This July, Chinese President Xi Jinping embarked on state visits to Argentina, Cuba and Venezuela and attended a summit of the loose group of major developing countries known as BRICS (Brazil, Russia, India, China and South Africa) in Fortaleza, Brazil. This was his second trip to Latin America in less than two years in office, following a previous tour of the Americas in 2013 which included Mexico, Costa Rica, and Trinidad and Tobago.
China’s influence in the region has grown rapidly in recent years, facilitated by the rapid increase in bilateral trade and investment, which as of 2013 stands at $252 billion, second only to the United States. China also appeals to the antipathy of many Latin American leaders toward the United States. Illustratively, this past January the Community of Latin American and Caribbean States (CELAC) in Havana established a China-CELAC forum excluding the United States and Canada.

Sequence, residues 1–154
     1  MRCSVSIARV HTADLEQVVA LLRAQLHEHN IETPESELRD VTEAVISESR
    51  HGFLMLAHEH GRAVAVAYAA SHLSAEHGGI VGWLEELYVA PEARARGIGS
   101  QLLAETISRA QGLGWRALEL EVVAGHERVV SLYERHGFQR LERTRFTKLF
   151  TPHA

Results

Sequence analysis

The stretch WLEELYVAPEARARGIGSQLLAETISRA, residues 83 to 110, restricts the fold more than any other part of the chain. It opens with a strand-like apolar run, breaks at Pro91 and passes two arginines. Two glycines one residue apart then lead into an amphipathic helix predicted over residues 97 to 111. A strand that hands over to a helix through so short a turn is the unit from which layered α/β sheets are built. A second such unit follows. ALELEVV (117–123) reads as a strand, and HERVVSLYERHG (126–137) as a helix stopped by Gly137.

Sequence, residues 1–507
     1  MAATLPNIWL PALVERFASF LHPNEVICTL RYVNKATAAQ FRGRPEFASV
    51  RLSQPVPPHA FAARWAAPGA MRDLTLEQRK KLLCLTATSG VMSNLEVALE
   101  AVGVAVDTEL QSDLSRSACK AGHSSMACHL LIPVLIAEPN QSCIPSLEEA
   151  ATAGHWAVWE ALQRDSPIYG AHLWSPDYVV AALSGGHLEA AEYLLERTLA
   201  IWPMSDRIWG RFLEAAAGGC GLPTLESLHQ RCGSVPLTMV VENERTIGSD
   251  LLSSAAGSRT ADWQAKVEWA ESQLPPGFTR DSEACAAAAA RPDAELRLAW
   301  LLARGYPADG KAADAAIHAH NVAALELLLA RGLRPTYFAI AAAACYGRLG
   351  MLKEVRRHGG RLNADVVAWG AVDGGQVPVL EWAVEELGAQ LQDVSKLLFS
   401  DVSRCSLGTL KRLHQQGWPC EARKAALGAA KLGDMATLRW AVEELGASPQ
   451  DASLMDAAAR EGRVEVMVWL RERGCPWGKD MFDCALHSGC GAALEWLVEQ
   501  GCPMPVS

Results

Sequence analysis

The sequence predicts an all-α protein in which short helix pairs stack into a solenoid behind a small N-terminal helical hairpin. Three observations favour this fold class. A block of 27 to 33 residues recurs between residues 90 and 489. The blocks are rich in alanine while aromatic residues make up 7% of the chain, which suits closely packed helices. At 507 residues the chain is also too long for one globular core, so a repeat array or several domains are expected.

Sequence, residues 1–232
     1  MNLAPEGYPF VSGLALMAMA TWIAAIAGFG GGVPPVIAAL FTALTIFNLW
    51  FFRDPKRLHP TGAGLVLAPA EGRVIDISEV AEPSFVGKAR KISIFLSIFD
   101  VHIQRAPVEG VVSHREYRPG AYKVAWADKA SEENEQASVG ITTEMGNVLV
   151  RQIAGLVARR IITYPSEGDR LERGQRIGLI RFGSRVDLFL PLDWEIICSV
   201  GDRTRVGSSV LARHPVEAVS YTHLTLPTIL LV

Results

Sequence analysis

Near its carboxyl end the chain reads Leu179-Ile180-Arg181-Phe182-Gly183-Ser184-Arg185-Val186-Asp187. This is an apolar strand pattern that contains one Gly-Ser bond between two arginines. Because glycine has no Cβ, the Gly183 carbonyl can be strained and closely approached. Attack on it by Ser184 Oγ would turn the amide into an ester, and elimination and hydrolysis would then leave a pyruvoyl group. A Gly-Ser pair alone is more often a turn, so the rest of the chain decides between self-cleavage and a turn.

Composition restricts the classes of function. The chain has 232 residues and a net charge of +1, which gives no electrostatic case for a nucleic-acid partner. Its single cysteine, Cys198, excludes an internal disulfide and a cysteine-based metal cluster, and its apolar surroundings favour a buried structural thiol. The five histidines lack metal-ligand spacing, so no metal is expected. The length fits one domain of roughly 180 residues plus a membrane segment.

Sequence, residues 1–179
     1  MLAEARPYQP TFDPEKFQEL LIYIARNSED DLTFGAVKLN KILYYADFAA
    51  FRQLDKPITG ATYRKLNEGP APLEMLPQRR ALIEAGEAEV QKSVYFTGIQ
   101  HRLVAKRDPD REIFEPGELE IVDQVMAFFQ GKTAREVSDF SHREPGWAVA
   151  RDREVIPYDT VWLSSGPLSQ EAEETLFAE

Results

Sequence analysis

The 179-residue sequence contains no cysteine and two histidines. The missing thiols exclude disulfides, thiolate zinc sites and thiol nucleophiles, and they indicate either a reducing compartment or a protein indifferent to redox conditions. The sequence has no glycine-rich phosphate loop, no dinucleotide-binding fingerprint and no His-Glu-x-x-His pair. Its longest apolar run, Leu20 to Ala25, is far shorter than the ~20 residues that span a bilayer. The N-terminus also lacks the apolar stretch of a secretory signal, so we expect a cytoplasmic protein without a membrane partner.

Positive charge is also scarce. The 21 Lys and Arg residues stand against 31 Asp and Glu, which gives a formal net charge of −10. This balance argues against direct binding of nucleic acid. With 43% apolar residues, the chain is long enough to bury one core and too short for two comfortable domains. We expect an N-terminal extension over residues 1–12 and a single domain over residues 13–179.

Historically, China has shown little inclination to engage politically or strategically with Latin America, conceding leadership to the United States due to its manifest advantages, such as proximity and long historical involvement in the region’s affairs. This ambivalence, however, has rapidly evaporated due to China’s growing commercial interests, U.S. interference in East Asia and fears of encirclement through bodies such as the Trans-Pacific Partnership.
Although China and the countries visited this year signed a large number of deals, many in Latin America have expressed doubts about the benefits of Chinese participation in the region. In the long-term, this skepticism may impede China’s ability to form strategically significant partnerships.